Let's see: other tough answers in the puzzle included 27A: Nickname for an Oxford university (OLEMISS). I was all the way across the ocean, which I imagine most of the solvers were for a while as well. I also liked 28D: Manipulative type (SVENGALI). I initially had "seam" at 42D: Place from which to withdraw deposits (MINE), then switched to MINt, and missed the flaw at NEA, so that's an error on finishing.

1A: Bit of a Bollywood soundtrack (RAGA) - B-.

There was a lot to like here, but, mirabile DICTU, I've run out of space.

- Colum

Saturday, August 12, 2017

Saturday, August 12, 2017, Kameron Austin Collins

17:35 (FWOE)

I feel like I really lucked out on this turn. Mr. Collins is a favorite constructor of mine, who has seemed to be absent for quite some time from the NYT. I solved once again in the car with Hope, and she gave me my first entry, Mr. Vic DAMONE. With CATT and ORK in place, followed by the yummy LATKE, we were off and running.

Does anybody here take a BANANAPIE? I'm not sure how much of a thing that really is. Round our place, banana bread (with chocolate chips) is a longtime favorite. Certainly a banana split is well recognized. Bananas Foster, even. Hmmm. I see some recipes, but I'm not convinced.

LEGARMOR (26D: Greaves, e.g.) immediately made me think of Princess Ida: "These things I treat the same / I quite forget their name! / They turn one's legs / To cribbage pegs." And there you have it. How likely was it that two blog posts in one week would find a way to weave cribbage in? All the naysayers out there... no, I might even go so far as to call them haters! They never thought it was possible. Well, I guess the foot's on the other hand now, isn't it?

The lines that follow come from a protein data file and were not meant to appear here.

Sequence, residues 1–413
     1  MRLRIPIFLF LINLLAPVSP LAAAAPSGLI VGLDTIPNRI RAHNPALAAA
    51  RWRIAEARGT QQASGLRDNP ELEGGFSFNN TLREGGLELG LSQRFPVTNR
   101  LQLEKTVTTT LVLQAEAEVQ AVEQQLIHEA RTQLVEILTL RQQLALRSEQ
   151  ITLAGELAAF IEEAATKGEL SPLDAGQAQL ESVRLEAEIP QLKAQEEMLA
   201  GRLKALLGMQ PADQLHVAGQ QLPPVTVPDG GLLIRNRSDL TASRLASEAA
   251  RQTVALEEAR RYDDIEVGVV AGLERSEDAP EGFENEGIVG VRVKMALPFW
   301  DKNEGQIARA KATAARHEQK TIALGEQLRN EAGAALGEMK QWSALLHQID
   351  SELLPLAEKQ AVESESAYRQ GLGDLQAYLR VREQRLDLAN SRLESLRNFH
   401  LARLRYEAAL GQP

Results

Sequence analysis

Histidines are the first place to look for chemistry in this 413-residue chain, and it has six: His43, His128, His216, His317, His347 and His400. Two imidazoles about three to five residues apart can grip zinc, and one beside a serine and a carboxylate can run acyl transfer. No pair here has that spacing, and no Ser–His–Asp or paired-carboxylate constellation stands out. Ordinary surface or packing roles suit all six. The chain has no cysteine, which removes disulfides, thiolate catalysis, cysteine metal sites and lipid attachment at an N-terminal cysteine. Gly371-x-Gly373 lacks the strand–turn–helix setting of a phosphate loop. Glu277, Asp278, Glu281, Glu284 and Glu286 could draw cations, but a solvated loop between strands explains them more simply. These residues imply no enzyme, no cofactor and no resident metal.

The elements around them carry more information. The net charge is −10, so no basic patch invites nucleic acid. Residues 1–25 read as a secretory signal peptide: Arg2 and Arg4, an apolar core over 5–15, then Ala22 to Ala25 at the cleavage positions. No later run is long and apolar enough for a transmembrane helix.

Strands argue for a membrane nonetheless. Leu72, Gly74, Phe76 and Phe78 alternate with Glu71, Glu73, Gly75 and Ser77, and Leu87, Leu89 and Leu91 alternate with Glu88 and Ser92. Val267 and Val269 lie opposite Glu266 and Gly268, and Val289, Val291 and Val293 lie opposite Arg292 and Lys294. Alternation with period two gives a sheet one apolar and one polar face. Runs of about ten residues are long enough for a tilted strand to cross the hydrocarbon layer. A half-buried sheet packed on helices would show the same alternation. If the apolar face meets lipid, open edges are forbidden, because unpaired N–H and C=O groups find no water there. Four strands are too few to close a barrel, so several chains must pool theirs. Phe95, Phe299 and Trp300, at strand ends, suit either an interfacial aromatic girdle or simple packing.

Yeah, so. Um. Anyway, the two 15-letter answers are beauts. COMMITMENTPHOBE is good, but of course I'm pretty fond of BRAINPLASTICITY.

Other good answers include 16A: Champagne is one (TOPONYM), and 15A: Start of a big fight? (THRILLA). Nice stuff. I also enjoyed 6D: Weight-watchers watch it (BELTLINE).

1A: Cambridge student, informally (CANTAB) - B+. This is really referring to the British Cambridge, not the American one. Still, a nice reminder of the year I spent there some time ago.
Fave: ABHOR (2D: Not fancy at all). I stared at AB_OR, wondering how this would refer to something simple or unadorned. Nope, it's the British "fancy," meaning "have a liking for".
Least fave: Probably TNUTS (16D: Fasteners with flat heads), just because it's crossword glue, pluralized.

My error was yet again a typo, where I had put in BAYBERsY. But there's no excuse here. I had stared at 25A: Short but not necessarily sweet (CURT), where I had _UsT. So really, I should have caught that.

- Colum

Friday, August 11, 2017

Friday, August 11, 2017, Hal Moore


Oh, this was fun. I really liked this themeless. I finished it this morning in the car while Hope was driving, on our way to Maine to pick up our younger daughter from camp. Hope was definitely helpful, so shout out to her.

Truthfully, the long answers win the day in this grid. The trade-off is a fair amount of less than LOVABLE fill, but the only area I really didn't dig was the SW corner.